Titel: The history of Robinson Crusoe abridged: for the use of schools and private instruction
Auteur: [niet beschikbaar]
Uitgave: Amsterdam: G. Portielje and son, 1855
3e dr
Auteursrechten: Zie auteursrechten
Citeerinstructie: Bijzondere Collecties van de Universiteit van Amsterdam, UBM: Obr. 5559
Onderwerp: Taal- en letterkunde naar afzonderlijke talen: Engelse letterkunde
Trefwoord: Vertalingen (vorm)
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   The history of Robinson Crusoe abridged: for the use of schools and private instruction
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having approved this, the Indian went to work with
his hands, and in less than a quarter of an hour the
bodj was under ground. Then they set olT together
for Robinson's habitation.
The savage was very much surprised when he saw
the convenient situation of this dwelling. Robinson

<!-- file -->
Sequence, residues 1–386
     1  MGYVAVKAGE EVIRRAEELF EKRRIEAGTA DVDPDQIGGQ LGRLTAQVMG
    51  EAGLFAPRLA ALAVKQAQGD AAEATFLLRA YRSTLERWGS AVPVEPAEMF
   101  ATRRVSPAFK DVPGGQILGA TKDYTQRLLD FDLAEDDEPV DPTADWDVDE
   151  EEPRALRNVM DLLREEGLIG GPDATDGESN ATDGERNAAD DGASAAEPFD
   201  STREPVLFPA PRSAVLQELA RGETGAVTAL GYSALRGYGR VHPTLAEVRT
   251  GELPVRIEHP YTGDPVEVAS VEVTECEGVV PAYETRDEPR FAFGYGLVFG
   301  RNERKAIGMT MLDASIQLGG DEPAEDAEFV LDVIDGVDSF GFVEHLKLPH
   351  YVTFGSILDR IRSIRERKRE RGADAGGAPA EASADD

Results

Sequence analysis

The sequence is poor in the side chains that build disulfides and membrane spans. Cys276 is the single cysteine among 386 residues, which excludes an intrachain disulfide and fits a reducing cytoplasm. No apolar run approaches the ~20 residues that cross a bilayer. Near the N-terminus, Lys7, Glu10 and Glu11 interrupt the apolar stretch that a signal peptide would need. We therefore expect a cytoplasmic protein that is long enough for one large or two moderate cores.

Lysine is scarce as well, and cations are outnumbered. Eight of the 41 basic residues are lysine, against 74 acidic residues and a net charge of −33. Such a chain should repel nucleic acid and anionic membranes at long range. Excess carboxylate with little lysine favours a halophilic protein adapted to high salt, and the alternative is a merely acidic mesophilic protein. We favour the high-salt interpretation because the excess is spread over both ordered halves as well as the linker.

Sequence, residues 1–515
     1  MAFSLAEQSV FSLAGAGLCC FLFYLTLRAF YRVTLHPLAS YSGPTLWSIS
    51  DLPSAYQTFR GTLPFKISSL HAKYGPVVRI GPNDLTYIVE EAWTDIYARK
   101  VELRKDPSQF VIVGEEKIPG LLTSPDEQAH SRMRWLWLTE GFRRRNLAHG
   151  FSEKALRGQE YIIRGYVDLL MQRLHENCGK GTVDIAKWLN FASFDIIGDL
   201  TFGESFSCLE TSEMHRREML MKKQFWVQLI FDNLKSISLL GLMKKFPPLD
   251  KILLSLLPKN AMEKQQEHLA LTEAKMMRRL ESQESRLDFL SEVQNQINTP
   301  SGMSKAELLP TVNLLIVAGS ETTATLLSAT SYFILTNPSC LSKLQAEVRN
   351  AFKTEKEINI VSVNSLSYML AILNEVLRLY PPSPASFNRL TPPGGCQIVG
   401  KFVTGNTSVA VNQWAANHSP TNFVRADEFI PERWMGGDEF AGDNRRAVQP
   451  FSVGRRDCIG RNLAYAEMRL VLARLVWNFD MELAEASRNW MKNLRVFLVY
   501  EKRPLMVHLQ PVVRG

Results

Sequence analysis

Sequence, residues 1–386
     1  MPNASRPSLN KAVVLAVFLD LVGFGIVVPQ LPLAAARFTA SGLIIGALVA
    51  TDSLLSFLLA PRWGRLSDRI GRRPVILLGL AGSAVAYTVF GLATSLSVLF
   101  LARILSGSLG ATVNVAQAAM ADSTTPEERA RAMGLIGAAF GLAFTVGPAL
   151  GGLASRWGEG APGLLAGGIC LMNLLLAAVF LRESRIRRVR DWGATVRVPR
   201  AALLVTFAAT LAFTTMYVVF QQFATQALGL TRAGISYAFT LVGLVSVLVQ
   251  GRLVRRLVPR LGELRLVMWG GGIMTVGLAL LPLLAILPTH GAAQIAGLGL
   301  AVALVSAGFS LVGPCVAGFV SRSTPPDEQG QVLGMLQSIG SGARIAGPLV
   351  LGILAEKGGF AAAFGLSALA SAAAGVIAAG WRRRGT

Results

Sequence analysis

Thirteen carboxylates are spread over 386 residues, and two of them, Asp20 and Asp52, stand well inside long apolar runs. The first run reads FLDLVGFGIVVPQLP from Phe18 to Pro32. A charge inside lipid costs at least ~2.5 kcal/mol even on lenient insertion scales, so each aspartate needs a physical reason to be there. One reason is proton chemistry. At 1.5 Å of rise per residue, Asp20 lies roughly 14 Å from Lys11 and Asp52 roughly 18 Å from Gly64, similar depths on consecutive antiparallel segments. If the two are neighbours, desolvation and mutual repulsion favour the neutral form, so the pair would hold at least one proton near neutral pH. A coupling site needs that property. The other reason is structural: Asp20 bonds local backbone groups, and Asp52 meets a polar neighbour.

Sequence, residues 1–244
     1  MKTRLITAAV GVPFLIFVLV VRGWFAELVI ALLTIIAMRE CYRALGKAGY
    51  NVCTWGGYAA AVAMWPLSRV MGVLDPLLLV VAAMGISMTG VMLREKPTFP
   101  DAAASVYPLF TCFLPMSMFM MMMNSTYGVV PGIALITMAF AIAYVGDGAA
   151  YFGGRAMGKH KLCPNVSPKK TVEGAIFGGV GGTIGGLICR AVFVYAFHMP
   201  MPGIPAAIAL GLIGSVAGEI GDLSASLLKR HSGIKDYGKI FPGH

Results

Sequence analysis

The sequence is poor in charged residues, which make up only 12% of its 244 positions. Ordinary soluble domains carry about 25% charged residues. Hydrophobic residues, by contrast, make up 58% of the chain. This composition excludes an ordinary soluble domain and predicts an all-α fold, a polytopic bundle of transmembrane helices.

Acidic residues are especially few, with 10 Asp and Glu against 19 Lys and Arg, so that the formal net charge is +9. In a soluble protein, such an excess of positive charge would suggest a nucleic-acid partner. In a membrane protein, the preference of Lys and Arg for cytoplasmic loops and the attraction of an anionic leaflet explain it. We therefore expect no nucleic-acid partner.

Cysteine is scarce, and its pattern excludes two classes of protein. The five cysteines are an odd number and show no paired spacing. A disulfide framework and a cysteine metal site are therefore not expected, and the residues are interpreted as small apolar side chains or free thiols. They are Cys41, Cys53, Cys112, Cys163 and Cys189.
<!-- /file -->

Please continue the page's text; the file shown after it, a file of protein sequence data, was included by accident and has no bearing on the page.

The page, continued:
did every thing he could to make him comprehend
by signs what he had to fear from the assembled
savages, and that he had resolved, if they came to
attack him, to defend himself to the last extremity.
This he seemed to comprehend, for swinging the hat-
chet which he had in his hand, several times over his
head, he threw threatening glances towards the spot
where his enemies were, as if he challenged them to
the combat, and sought by these means to convince
his deliverer that he was ready to defend him with
all his might. Robinson applauded his courageous in-
tention, armed the Indian with a javelin and a bow
and arrows, and set him as a sentinel at a slanting
opening which he had made in his hedging on
purpose that he might be able to see what passed in
tlie open space between that hedging and the wood
he had planted.
About an hour after, they heard a singular and
terrible cry of several savages assembled together.
Both our heroes prepared themselves for the combat,
they looked at, and by different gestures encouraged
one another to make the most valiant defence; but
after a time the cries ceased.
Robinson and his idly were attentive to every
thing around them. They were on the alert till the
evening, when not having perceived any enemy,
nor heard the least cry for several hours, it seemed
apparent to them, that the savages, weary of search-
ing in vain for their lost companion, had gone